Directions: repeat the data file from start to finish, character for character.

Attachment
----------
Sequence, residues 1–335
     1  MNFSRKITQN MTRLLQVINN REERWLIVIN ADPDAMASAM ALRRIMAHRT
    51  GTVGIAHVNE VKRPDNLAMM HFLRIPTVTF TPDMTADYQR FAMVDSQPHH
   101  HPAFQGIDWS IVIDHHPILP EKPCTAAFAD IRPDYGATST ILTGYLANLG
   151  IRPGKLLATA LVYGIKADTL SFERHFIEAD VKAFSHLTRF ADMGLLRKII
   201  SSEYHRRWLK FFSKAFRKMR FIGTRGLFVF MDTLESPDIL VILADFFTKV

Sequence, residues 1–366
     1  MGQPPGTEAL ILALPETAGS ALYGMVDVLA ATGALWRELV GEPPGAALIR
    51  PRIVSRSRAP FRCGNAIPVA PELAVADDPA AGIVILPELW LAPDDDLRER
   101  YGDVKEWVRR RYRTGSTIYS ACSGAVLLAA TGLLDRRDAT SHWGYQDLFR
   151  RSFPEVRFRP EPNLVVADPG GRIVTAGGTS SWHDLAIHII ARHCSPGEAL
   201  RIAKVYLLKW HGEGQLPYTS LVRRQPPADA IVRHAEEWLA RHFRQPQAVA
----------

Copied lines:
Sequence, residues 1–335
     1  MNFSRKITQN MTRLLQVINN REERWLIVIN ADPDAMASAM ALRRIMAHRT
    51  GTVGIAHVNE VKRPDNLAMM HFLRIPTVTF TPDMTADYQR FAMVDSQPHH
   101  HPAFQGIDWS IVIDHHPILP EKPCTAAFAD IRPDYGATST ILTGYLANLG
   151  IRPGKLLATA LVYGIKADTL SFERHFIEAD VKAFSHLTRF ADMGLLRKII
   201  SSEYHRRWLK FFSKAFRKMR FIGTRGLFVF MDTLESPDIL VILADFFTKV

Sequence, residues 1–366
     1  MGQPPGTEAL ILALPETAGS ALYGMVDVLA ATGALWRELV GEPPGAALIR
    51  PRIVSRSRAP FRCGNAIPVA PELAVADDPA AGIVILPELW LAPDDDLRER
   101  YGDVKEWVRR RYRTGSTIYS ACSGAVLLAA TGLLDRRDAT SHWGYQDLFR
   151  RSFPEVRFRP EPNLVVADPG GRIVTAGGTS SWHDLAIHII ARHCSPGEAL
   201  RIAKVYLLKW HGEGQLPYTS LVRRQPPADA IVRHAEEWLA RHFRQPQAVA